As a 22 year old sitting in my first day of Navy flight school in Pensacola, Florida I remember being mildly put off by the instructor when he told each of us to look at the person on our right and left. He remarked that one of these colleagues had a pretty good chance of being killed in the career we had chosen. He was wrong. In my case, classmates on both sides, Hal Hawkins and Lou Eames, were to die in plane crashes within five years.
Naively, I chose an inherently dangerous career. But what did I know; I was bullet-proof, or so I believed, when I signed on the dotted line. Over the course of a 20 year career I lost count of the number of friends and acquaintances who joined Lou and Hal. My guess is that the number may be in the range of 25-30 guys whose lives ended abruptly before they ever reached age 35. This is all to say that I was forced at an early age by means of emotional survival, to view death in a different way than most. Death developed its own compartment, surprisingly void of emotion and unfortunately, I became comfortable over the years with how the door opened and closed.
When I was young I viewed tomorrow as a given for me but a gift for everyone else. Pretty immature now that I think about it. Maybe it was simply a cop out that once allowed me to make someone else’s death easier to swallow. From that perspective, I eliminated thoughts of ‘what could have been’ and focused on ‘’what was’. In the past this enabled me to remain stoic and detached while truly celebrating the life that was well lived. It seemed to work well until I came face to face with my friends’ wife and children at the funeral service. Even then it was a ‘stiff upper lip’ type of thing.
It would seem inconsistent then that my single most paralyzing fear in life is that I will outlive any of my children. In my mind however, it is perfectly consistent as there are personal and business compartments that have specific emotional rules for such events.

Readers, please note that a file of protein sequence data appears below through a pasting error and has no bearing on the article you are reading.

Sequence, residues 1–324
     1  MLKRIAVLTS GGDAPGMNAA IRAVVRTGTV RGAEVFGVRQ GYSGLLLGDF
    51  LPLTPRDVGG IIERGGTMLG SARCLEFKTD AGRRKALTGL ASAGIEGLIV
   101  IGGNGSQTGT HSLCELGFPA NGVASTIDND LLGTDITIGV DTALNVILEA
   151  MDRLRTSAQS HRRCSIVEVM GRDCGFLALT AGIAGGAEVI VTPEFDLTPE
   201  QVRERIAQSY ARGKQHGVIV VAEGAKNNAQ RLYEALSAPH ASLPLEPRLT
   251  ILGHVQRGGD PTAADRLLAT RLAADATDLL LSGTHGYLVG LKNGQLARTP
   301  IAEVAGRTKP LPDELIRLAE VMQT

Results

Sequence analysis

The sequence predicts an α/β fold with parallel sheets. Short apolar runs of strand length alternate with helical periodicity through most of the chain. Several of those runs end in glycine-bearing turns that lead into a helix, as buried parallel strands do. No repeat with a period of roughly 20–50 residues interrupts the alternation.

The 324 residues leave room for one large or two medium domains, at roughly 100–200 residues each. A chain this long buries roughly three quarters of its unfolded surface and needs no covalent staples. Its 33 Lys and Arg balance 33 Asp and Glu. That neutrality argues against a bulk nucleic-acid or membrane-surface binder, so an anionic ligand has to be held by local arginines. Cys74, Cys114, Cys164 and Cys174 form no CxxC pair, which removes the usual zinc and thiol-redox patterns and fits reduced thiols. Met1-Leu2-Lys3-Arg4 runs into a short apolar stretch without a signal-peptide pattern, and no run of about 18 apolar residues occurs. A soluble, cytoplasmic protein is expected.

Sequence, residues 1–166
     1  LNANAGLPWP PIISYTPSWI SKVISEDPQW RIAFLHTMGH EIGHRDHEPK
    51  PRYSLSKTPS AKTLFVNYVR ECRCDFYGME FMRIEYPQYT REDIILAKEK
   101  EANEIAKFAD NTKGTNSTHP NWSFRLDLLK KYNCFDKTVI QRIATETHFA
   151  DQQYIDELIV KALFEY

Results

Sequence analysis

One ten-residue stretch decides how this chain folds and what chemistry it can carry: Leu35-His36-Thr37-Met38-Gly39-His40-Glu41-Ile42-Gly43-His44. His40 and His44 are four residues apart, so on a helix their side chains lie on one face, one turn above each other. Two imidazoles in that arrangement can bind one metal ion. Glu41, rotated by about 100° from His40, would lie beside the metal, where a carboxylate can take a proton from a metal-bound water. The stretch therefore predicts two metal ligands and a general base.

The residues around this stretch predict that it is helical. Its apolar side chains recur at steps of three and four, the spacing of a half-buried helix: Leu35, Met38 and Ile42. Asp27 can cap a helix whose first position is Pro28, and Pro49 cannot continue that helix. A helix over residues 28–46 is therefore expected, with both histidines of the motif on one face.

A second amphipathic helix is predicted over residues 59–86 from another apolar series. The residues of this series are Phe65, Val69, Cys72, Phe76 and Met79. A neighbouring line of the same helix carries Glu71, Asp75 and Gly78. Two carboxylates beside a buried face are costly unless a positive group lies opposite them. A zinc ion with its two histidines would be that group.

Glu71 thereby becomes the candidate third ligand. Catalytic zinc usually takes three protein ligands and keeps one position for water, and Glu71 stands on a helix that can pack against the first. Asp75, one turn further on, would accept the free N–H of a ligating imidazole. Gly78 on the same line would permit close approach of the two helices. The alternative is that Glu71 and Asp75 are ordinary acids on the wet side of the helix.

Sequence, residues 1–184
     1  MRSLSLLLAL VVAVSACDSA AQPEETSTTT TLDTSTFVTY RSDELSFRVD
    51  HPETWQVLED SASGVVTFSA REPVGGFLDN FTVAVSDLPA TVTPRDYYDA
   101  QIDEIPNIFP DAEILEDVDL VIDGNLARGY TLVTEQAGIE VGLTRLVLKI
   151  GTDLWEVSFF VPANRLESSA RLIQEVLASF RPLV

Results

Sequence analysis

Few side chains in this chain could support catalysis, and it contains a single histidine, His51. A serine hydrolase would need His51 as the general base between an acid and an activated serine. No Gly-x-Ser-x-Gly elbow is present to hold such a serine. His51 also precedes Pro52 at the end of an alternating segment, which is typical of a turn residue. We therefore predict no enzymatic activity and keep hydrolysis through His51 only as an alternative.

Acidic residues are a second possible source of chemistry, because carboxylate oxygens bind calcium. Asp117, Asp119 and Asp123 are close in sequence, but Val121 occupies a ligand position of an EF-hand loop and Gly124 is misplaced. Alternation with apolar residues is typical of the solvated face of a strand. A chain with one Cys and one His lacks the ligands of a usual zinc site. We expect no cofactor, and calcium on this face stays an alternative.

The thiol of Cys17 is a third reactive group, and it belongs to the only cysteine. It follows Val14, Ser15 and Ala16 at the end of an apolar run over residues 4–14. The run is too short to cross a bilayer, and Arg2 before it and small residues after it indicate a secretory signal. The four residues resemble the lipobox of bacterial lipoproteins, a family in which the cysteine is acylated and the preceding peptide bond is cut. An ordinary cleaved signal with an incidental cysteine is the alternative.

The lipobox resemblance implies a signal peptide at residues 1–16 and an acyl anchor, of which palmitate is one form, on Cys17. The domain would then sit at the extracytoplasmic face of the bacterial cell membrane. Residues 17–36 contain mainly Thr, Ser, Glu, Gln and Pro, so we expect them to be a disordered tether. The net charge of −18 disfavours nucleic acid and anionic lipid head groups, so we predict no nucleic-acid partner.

This past week an old friend and good ‘brother’ lost a fierce battle to a disease I had never heard of but am told that it’s anonymity may be short lived. CJD, or Creutzfeldt-Jakob disease is a horrible medical enigma that affects about one person per million. It is short-lived, incurable, and is fatal. It is a variant of Mad Cow Disease and apparently makes for good television because Law and Order, Bones, House, X-Files, and 24 have all devoted episodes to it. In this case, it wasn’t TV, there are no god complex doctors, and the episode didn’t end with ’to be continued’. My friend’s death sentence was given by his physician 2 weeks ago. He and his wife understood the prognosis fully. They have four boys under ten years old.
I don’t have a compartment for this. While this was a tragic event of epic proportion in the personal compartment, I am disturbed at how emotionally disconnected I feel. None of it is right. Maybe its time I get rid of the compartmentalization crutch and grieve the absence of my friends’ tomorrows like everyone else does, in addition to celebrating his past.
In the end, my friend had no fear of the inevitable and his impending mortality. He was at peace on all fronts. In most things, but especially in those spiritual, we were of like mind. He was the kind of man that was incapable of having enemies. He lived life quietly yet fully, produced for society, cared about and for others, and was a husband and father to be emulated.
I hope to be able to face death as bravely as he and his wife Pam did. Well done my friend, Scott Hamilton.